3 min read

See you on the flip side

Like the end of a classic film or a Gaslight Anthem song

I’m taking a few days off next week for my own mental health and won’t be bothering your inbox for a week because whatever happens next week will be exhausting for everyone. Heads up that I’ll be putting the “Have Fun. Don’t Die.” koozies online for Bandcamp Day on November 6 if you want them.

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Things I’ve learned how to do over the past seven months:

I’ve also picked up a lot of resources and advice on time management, productivity that doesn’t link self-worth to labor, realistic goals, and plenty of social media nonsense. Like many folks I know, I’m attempting to think of this like a rebuilding year, or an intentional sabbatical, even though it is neither of those things.

On the evening of March 12, 2020, I was hanging out at a Quality Inn outside Newark Airport with Frank eating Blaze Pizza, which should be illegal when you’re that close to a true New York slice. Our tour manager was flying in from Arizona and we were meeting them there to start a US tour the next day. We had spent the afternoon practicing in Brooklyn and having drinks at the bar around the corner, something that has become a pre-tour tradition at this point. Frank and I had slogged our gear and suitcases to Newark begrudgingly, at the mercy of tour logistics.

This was during the just don’t touch your face phase of things, where we still thought that gathering with hundreds of people every night for a month would be a feasible thing. SXSW may have been canceled but the shows on this tour weren’t THAT big, right? I worry about everything anyway, so I had convinced myself this was another worst-case-scenario that wasn’t going to actually happen and I needed to chill out.

Then our manager Talia called me unannounced and told me that all flights from Europe had been halted. This wasn’t looking good. All Frank knew was that I was saying FUCK repeatedly. Within an hour we heard from the tour’s management that we’d only be playing the first show and then calling it a day. This was all too dangerous and we didn’t know how travel would be restricted over the next few days and weeks. An understandable and responsible decision, but it was the biggest possible kick in the gut.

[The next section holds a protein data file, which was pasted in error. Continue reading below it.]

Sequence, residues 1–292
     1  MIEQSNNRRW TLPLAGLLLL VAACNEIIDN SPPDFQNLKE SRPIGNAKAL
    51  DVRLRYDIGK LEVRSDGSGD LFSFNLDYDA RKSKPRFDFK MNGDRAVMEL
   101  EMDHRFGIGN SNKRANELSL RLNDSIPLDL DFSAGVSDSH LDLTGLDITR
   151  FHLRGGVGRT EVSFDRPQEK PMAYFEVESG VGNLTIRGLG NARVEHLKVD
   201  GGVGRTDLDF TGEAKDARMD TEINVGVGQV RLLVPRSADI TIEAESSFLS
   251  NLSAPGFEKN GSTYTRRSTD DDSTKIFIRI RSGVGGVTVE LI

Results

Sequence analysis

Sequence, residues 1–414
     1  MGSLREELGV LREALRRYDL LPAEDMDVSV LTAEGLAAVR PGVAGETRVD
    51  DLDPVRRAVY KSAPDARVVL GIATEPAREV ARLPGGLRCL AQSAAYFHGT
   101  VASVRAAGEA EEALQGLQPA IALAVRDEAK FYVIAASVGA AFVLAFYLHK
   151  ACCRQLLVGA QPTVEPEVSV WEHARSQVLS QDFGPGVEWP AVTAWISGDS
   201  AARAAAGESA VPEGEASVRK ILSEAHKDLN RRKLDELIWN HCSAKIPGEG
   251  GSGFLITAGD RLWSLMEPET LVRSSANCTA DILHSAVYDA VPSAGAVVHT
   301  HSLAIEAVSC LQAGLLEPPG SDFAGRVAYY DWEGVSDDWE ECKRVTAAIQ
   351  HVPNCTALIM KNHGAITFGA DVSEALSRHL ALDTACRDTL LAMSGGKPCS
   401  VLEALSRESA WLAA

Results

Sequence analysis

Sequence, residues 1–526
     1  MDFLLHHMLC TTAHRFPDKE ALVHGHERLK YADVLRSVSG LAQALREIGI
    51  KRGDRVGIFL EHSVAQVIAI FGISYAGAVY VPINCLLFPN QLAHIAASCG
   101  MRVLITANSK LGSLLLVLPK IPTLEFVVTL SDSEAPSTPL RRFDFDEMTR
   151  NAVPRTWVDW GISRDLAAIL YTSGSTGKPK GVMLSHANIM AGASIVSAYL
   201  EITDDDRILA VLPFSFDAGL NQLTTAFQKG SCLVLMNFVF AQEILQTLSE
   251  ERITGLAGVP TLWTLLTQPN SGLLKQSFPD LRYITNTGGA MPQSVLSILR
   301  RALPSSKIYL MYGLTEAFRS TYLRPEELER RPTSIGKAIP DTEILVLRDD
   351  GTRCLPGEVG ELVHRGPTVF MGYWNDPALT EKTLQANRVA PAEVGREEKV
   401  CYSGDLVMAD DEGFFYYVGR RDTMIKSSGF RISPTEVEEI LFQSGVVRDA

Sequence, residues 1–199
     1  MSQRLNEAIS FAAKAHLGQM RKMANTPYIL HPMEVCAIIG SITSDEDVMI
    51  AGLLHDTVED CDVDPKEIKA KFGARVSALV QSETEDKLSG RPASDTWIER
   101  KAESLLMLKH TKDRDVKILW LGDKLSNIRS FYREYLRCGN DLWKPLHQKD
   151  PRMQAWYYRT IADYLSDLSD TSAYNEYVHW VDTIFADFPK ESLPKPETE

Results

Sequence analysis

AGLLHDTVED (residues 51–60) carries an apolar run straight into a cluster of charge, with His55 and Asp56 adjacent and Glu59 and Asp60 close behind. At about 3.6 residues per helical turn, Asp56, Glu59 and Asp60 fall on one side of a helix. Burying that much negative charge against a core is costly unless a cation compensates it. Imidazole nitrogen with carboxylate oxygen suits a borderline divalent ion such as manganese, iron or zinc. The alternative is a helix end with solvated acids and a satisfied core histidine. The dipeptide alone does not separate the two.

We hadn’t toured since recording a new record the previous July. The record was released a week earlier. Some of us had just flown across the country. This tour, and the year that followed, was what I had been working towards my entire life. I hung up the phone, said FUCK several times in a row, and laid back on that weird hotel bedspread, reaching the level of disappointment and sad where everything just feels numb. I didn’t actually cry until a couple of days later. I may have been on the plane. I don’t remember.

Most of my friends have a similar story of canceled plans and disbelief. The rug was pulled out from under us along with the years of work put into something that most parents think is ill-advised in the first place. While friends in other countries are getting ready to play small gatherings again or planning tours, here in the US we have honestly no reliable idea of when touring will happen again. There is no plan. There is no getting the virus under control. Only vague suggestions of social distancing and passive-aggressive comments to your friends who are somehow vacationing despite it all.

This election isn’t going to change things overnight, but the results will determine whether we continue head-first down the path to idiocracy or not. I want a light at the end of the tunnel for all of us. I want to eat shitty pizza in a motel in Newark with my friends.

Please vote. See you after.

You can see my artwork at my website and on Instagram.
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The image up top is by Autumn Lavis.